a: But the article you linked to says "This month Lugar floated a bill to curb oil use that does not include any carbon regulation.". Which of course would reduce carbon emissions.

Er, no. Because there is no cap on carbon in the Lugar bill emissions are free to go as high as the energy industry would like. If I improve emissions on cars but sell more cars, guess what? There is more overall carbon in the atmosphere trapping heat.

If I curb oil imports but produce and use more oil domestically, guess what? There is more overall carbon in the atmosphere trapping heat. That doesn't help stave off global warming but it does make Republicans looks like they're not completely anti-environment and gives them some political cover to fight a comprehensive energy bill.

The Lugar bill sets some very mild goals for improving efficiency, investing in renewables, and emissions that would likely be met by federal standards already in place, and leaves loopholes that would allow polluters not only to avoid some of the regulatory changes (like taking "dirty old coal plants" offline by 2019) but also avoid an ultimate cap on emissions...

...which means more carbon in the atmosphere trapping heat.

The Lugar bill neither legislates nor guarantees an overall reduction of carbon. So yeah -- you're wrong and Steve was right. Guess you're the dummy. See ya next time!

Posted by: b on June 22, 2010 at 1:55 PM | PERMALINK

And because Senate Democrats are "only" in the majority, and the Senate rules are ridiculous, the most pressing global crisis facing humanity in the 21st century will continue to be ignored . . .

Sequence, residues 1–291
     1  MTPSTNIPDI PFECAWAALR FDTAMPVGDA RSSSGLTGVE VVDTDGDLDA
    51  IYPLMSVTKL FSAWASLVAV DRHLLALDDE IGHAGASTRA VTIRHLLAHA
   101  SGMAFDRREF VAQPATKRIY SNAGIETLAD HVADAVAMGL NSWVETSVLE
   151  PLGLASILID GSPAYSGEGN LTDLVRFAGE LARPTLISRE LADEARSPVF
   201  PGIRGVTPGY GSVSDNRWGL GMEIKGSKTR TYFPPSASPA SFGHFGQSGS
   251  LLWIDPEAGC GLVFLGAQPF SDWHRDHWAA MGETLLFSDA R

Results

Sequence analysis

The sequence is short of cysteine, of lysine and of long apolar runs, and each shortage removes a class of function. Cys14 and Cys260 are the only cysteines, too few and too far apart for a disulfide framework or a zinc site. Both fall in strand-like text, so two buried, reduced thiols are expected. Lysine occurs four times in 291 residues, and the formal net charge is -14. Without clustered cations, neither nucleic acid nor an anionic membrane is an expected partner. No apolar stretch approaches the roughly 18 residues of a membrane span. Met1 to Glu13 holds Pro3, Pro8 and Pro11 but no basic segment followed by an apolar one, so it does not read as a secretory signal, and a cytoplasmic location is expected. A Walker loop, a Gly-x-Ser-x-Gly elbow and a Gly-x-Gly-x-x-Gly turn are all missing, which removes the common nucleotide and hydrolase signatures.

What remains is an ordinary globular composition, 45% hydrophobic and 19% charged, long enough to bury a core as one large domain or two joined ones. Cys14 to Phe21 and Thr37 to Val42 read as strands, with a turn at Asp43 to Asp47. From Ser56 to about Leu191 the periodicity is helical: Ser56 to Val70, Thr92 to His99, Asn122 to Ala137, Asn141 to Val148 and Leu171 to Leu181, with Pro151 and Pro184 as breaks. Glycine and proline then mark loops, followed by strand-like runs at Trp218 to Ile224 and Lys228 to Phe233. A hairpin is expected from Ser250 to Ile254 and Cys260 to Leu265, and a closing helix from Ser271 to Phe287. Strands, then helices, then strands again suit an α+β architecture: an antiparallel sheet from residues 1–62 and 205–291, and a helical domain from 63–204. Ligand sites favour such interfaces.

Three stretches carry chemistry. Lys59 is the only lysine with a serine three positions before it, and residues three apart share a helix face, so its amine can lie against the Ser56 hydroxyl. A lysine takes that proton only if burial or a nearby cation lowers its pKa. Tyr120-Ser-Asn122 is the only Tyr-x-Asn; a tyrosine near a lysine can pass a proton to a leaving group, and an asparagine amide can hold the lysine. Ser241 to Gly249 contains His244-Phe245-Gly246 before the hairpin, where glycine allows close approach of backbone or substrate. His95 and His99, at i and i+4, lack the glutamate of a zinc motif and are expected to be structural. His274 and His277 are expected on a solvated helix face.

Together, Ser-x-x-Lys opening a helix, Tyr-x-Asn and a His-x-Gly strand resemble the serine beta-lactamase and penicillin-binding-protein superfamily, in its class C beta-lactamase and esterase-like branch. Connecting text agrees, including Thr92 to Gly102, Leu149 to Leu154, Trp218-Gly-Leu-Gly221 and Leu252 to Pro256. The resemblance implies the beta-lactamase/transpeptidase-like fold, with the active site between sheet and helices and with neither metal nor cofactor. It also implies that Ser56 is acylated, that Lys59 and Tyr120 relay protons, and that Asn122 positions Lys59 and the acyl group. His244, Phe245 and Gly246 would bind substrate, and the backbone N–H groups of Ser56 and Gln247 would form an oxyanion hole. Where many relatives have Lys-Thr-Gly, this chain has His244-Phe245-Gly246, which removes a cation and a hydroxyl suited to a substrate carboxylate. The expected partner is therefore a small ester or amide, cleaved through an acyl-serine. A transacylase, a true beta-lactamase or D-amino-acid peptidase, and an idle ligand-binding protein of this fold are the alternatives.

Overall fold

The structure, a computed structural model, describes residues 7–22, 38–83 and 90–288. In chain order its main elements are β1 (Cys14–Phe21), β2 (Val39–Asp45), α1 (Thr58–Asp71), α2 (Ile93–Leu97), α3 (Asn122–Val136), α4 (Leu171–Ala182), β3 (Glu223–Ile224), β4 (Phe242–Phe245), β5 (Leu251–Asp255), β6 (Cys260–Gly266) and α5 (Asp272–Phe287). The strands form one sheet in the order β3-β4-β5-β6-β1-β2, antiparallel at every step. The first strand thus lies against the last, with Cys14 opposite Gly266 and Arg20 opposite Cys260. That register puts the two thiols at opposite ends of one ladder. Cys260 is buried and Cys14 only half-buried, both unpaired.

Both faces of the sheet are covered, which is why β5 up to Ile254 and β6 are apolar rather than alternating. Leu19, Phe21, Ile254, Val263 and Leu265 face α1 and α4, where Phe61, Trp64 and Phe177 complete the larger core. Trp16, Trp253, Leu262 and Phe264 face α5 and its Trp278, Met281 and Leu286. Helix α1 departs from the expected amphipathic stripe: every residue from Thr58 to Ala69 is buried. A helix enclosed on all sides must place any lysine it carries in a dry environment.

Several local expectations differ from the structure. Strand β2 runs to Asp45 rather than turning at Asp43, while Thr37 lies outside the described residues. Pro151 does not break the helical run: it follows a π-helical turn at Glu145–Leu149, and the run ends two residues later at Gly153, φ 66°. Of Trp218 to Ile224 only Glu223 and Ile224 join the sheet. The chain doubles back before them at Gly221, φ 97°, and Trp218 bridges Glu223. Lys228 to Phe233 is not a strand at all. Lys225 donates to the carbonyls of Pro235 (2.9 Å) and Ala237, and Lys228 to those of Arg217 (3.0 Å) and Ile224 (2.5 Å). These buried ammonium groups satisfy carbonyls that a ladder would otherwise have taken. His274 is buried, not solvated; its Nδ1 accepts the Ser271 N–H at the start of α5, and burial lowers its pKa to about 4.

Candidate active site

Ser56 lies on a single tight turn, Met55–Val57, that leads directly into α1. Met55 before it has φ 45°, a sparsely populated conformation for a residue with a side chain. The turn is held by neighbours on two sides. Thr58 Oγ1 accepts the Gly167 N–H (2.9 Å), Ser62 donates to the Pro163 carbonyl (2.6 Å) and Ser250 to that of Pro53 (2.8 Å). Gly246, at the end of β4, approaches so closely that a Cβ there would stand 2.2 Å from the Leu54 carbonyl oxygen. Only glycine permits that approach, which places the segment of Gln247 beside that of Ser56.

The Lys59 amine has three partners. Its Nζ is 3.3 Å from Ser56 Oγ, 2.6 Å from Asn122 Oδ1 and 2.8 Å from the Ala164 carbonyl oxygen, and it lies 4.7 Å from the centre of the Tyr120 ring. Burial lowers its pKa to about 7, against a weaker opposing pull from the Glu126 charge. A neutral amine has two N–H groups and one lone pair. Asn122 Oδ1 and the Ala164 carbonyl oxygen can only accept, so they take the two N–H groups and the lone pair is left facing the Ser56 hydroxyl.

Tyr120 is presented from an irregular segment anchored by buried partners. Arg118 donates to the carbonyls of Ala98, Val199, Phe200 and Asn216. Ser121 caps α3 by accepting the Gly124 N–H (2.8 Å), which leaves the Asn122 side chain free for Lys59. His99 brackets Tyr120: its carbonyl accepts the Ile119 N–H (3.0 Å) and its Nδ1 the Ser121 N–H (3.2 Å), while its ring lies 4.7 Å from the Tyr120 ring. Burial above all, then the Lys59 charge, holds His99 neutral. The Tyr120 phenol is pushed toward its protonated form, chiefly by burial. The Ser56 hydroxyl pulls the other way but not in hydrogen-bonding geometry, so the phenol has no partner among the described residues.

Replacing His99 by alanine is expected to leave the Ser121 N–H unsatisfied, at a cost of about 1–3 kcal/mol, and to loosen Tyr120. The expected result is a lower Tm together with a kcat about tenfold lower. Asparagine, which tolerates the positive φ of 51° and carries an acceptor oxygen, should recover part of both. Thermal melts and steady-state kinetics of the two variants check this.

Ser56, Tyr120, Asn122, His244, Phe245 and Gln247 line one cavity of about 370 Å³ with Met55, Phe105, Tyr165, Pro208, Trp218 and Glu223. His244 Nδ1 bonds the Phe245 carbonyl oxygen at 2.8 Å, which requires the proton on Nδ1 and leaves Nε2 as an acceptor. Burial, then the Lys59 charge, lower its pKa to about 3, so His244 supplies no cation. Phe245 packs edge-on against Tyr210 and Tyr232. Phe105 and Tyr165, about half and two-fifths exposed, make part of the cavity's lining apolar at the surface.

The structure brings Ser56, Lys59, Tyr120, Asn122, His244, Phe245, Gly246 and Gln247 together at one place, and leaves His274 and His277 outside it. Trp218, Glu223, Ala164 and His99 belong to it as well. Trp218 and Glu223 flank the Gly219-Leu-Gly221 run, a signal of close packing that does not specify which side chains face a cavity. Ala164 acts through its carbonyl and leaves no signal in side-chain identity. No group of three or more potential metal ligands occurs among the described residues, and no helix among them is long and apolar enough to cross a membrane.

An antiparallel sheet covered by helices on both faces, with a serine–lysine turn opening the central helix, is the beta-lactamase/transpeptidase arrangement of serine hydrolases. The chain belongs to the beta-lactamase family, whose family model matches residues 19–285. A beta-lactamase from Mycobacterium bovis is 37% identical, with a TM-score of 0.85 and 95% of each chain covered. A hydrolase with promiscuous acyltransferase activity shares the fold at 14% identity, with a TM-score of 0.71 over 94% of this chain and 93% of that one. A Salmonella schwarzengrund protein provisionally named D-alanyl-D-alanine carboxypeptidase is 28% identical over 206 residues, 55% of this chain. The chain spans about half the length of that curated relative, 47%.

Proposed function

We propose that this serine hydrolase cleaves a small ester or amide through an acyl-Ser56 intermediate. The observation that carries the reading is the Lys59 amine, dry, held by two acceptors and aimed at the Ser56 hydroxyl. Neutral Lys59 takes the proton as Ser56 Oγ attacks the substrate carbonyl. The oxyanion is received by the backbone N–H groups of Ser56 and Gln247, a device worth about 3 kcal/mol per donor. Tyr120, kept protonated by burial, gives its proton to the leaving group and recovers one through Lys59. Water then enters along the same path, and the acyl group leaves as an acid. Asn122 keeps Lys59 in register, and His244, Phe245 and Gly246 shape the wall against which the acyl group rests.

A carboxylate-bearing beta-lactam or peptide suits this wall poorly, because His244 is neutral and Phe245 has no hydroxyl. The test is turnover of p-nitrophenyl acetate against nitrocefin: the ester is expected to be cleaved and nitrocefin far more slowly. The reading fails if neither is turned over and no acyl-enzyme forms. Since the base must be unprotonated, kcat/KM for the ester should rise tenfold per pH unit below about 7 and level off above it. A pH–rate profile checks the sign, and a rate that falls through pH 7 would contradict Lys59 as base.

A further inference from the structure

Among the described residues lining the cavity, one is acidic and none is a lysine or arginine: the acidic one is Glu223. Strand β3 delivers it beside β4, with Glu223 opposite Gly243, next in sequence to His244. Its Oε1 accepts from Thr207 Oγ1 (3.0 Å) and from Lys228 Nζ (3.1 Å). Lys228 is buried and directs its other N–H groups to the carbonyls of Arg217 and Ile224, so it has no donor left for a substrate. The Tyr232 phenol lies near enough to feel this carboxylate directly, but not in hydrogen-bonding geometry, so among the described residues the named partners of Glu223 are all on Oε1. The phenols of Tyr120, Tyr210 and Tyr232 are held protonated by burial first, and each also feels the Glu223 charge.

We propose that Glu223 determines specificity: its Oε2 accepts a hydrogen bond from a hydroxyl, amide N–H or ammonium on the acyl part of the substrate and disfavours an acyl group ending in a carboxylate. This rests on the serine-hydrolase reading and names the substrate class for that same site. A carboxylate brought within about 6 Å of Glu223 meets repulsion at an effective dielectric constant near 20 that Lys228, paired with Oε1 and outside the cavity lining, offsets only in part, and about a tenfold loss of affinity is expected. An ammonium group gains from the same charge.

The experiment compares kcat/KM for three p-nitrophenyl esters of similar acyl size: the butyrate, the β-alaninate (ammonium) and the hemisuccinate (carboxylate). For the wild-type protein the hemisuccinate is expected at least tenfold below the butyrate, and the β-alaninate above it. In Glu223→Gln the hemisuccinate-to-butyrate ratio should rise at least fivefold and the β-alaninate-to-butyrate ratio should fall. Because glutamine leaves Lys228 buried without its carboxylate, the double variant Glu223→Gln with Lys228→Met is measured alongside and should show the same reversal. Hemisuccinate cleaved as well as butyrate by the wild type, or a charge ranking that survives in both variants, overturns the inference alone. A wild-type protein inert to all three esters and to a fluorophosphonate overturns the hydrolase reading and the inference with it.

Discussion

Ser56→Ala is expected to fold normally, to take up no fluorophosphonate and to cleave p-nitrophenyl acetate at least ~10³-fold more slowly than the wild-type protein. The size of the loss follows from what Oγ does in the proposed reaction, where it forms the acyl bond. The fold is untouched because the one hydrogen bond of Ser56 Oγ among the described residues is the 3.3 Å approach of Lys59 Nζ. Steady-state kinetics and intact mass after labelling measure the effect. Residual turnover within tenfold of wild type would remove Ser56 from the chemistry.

Um, yeah, so Democrats either need to get one hell of a lot better at winning arguments in the court of public opinion, or do what the Republicans threatened to do around 2002 with the so-called 'nuclear option' and get rid of the filibuster completely.

Voters reward action, not 'bipartisanship'. And certainly not 'bipartisanship' which allows Republicans to screw the country sideways.

Posted by: David Bailey on June 22, 2010 at 1:59 PM | PERMALINK

I don't understand. Obama got 52% of the vote, and there's a Democratic majority in the House and the Senate, so why doesn't Obama give us everything he promised us? And why didn't we get it yesterday? That man is just one disappointment after another. He is surely one of the worst Presidents we've ever had.

(This is what I'm hearing from some "progressive" quarters. Apologies if I got the meme wrong.)

Posted by: josef on June 22, 2010 at 3:51 PM | PERMALINK

The Democrats have no one but themselves to blame, or rather, we have no one but the Democratic 'leadership' to blame. They have the power to excercise the nuclear option and eliminate the filibuster. They choose not to do it because they'd rather blame the republicans for not 'letting' them do anything, than to actually do something and risk getting blamed for the results. Until we elect Democrats who are willing to stand up and act, instead of blaming the Republicans for their own inaction, nothing will get done.

Posted by: Kyle McCullough on June 27, 2010 at 11:54 AM | PERMALINK




 

 

Read Jonathan Rowe remembrance and articles
Email Newsletter icon, E-mail Newsletter icon, Email List icon, E-mail List icon Sign up for Free News & Updates

Advertise in WM



buy from Amazon and
support the Monthly